(Though, having said that, Sophie Wilson emulated the original ARM processor design on a BBC micro!)

AWOL:
The point I made about RAM was not to say "you don't have enough RAM to do anything useful, duh", it was to point out that often, parts of the processor being modelled must be stored in slow, external memory, further slowing the emulation.
Don't forget that even early ARM processors had cache - it seems a little perverse (even if it it absolutely necessary) to emulate cache (which is supposed to be fast) in memory (powered by user clock cycles, remember), that runs at exactly the same speed as all the other memory, controlled by "registers" (which should be even faster still) also sharing the same memory.

(Though, having said that, Sophie Wilson emulated the original ARM processor design on a BBC micro!)

well , as far as that goes , on the AVR UCs the access of registers is fastest , then comes SRAM , then Flash and then the trivial last part that is the SD-card .

for emulation , SRAM should hold the register data , that is the fastest for the ARM , the DRAM should hold the rest , and the AVR registers will be fully reserved to accomplish instructions at the fastest time possible , this guy accomplished that at 10KHz (after 6.5Khz) due to C programming , non-optimized code and the constant refreshing of the DRAM , if i somehow manage to avoid getting the processor to fully do the refreshing of the DRAM and do the full code of instructions in assembly i think i might get this to 20khz . though it's too early to say that since i still find those ARM processor datasheets a pain to fully understand .
at first i expected it to be something similar in complexity to the AVRs though the whole registers and arrangements deal are alot more complicated . i am only doing this for me to develop my experience .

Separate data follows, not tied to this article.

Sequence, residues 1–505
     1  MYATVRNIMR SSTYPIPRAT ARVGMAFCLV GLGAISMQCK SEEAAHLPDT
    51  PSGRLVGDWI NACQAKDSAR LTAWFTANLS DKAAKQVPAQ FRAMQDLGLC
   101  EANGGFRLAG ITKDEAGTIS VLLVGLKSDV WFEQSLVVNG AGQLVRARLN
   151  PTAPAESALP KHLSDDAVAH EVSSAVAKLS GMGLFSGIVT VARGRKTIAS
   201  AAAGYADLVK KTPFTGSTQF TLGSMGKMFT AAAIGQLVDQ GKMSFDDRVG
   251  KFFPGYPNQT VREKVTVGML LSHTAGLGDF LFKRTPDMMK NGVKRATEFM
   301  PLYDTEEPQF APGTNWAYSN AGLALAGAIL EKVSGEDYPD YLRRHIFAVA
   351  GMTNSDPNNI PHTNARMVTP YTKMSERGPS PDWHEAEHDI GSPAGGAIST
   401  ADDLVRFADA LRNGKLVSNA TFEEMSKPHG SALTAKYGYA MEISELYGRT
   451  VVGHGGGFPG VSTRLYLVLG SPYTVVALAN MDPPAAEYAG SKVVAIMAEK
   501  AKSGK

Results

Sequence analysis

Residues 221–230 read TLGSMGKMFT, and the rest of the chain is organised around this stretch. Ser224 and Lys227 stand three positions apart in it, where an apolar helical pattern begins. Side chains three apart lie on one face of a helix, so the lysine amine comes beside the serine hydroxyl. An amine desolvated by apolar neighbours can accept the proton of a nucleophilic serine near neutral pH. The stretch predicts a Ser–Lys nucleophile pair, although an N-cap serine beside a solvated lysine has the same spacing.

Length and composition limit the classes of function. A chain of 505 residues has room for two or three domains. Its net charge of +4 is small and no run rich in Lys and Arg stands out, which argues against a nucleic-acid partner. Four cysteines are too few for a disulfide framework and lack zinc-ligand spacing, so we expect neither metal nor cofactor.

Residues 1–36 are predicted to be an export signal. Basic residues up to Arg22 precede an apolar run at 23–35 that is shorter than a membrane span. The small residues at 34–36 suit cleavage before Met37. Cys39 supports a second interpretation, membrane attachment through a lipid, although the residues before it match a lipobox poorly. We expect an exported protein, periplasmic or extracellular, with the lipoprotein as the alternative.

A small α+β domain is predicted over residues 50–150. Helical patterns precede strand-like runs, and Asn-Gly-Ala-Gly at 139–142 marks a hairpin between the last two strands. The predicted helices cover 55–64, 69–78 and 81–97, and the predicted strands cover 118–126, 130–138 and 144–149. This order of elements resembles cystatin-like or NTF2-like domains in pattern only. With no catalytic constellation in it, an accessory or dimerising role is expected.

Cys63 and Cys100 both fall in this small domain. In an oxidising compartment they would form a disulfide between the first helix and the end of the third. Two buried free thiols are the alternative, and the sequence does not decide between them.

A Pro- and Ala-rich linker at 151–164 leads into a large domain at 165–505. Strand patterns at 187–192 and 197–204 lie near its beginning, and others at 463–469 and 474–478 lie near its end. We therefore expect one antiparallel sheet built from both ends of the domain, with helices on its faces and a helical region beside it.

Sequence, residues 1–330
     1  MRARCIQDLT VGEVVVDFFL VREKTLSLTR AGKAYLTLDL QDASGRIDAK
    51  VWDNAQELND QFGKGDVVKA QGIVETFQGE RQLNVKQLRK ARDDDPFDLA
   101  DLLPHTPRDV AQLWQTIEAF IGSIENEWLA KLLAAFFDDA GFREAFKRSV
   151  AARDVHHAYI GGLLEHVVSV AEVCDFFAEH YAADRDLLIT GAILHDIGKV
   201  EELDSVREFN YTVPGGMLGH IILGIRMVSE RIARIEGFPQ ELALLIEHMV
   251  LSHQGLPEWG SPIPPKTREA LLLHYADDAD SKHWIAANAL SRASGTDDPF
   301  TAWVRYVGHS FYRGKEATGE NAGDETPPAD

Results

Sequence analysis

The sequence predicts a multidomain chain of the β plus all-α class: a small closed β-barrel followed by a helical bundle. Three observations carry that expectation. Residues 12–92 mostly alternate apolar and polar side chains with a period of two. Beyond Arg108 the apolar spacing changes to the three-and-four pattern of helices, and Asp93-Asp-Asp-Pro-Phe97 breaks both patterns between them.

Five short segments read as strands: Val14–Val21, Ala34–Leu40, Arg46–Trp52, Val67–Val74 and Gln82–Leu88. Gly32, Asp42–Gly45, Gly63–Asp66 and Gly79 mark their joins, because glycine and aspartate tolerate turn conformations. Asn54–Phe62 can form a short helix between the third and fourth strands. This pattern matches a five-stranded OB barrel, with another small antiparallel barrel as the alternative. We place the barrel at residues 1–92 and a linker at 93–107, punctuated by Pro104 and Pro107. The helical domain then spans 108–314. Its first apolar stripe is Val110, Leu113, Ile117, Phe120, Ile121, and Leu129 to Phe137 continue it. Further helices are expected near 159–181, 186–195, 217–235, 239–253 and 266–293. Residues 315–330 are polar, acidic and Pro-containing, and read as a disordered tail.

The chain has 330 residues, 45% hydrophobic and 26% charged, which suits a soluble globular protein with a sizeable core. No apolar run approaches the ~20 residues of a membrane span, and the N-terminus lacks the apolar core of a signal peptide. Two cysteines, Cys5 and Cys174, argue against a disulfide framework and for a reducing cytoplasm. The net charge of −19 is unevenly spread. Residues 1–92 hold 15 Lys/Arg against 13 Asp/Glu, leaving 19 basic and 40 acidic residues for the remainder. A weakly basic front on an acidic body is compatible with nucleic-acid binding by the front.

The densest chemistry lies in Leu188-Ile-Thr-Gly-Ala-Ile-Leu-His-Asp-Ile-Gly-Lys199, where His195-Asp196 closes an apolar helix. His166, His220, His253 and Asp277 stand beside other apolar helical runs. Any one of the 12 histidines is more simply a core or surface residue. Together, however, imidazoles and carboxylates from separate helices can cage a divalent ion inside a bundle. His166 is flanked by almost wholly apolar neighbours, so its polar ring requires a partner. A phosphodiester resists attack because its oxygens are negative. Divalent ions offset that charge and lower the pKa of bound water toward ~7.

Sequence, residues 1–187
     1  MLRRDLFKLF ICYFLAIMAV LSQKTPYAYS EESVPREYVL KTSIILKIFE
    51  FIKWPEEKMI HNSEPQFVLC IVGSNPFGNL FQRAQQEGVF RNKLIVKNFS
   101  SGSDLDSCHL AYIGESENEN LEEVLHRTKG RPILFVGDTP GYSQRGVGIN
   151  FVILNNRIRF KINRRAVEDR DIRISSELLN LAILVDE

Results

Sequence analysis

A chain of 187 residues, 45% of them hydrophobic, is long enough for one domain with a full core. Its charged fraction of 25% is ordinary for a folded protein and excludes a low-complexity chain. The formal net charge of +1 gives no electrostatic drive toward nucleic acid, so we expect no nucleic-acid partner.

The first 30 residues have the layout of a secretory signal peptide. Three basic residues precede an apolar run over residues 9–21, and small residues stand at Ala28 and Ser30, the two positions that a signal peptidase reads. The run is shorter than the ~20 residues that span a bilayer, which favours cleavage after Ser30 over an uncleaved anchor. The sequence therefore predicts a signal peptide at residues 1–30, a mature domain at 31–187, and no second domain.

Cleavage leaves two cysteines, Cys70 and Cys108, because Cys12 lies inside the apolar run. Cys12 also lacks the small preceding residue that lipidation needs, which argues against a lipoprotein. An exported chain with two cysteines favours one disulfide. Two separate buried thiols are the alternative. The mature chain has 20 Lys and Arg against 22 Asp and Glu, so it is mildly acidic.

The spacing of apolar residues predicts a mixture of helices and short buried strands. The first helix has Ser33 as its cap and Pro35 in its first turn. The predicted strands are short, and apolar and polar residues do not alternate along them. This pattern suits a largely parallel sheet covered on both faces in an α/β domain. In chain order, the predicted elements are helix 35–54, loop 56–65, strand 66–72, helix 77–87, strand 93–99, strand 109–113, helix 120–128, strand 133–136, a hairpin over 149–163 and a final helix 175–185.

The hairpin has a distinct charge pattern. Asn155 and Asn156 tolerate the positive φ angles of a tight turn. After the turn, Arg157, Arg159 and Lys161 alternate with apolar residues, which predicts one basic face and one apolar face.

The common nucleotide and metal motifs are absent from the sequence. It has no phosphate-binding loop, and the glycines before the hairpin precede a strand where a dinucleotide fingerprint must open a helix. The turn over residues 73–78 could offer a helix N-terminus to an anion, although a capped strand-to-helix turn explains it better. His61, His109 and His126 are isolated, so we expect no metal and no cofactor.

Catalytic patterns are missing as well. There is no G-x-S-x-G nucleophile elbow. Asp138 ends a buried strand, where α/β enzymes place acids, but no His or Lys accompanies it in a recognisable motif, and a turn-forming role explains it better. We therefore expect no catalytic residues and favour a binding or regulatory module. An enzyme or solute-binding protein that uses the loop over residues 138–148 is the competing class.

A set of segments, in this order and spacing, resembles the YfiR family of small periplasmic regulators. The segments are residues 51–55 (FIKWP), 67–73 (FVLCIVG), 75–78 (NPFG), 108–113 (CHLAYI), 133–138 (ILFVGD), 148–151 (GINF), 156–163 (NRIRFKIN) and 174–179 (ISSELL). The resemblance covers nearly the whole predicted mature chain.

thank you very much though AWOL . i am not doing thid

on the AVR UCs the access of registers is fastest , then comes SRAM

They're in the same memory space; my guess is that they're as fast as each other, but I'd love to see your reference.

AWOL:
You really like these things to what?

Solve the Reimann Hypothesis?
Amuse kittens?

exactly what I feel, people has too much free time nowadays

I suppose that writing a software emulator (which runs on PC) is too boring
even if it make more sense

I'll point out that the first machine I used that ran Unix was a PDP-11/70 (top-of-the-line DEC minicomputer, at the time, good for maybe 20 simultaneous users), which I see rated at 0.4 MIPS in the same chart that rates Z80-class machines at about 0.05 MIPS. I'd rate the AVRs as 8+ times faster than the old Z80s (though exact comparisons are difficult, and the memory structure is very different.)
So running a command-line unix for one user, even with simulation overhead, doesn't seem out-of-the-question.

So running a command-line unix for one user, even with simulation overhead, doesn't seem out-of-the-question.

Well, the AVR will be emulating some other processor, and because it doesn't have enough RAM, it will be emulating memory too (and the MMU), so not only are you taking a hit emulating the instructions, you're taking a hit on fetching those instructions through a narrow eight bit (at best) pipe., whilst making sure that the fetch itself is allowed.
I'm pretty sure the PDP-11 didn't suffer such restrictions.

precisely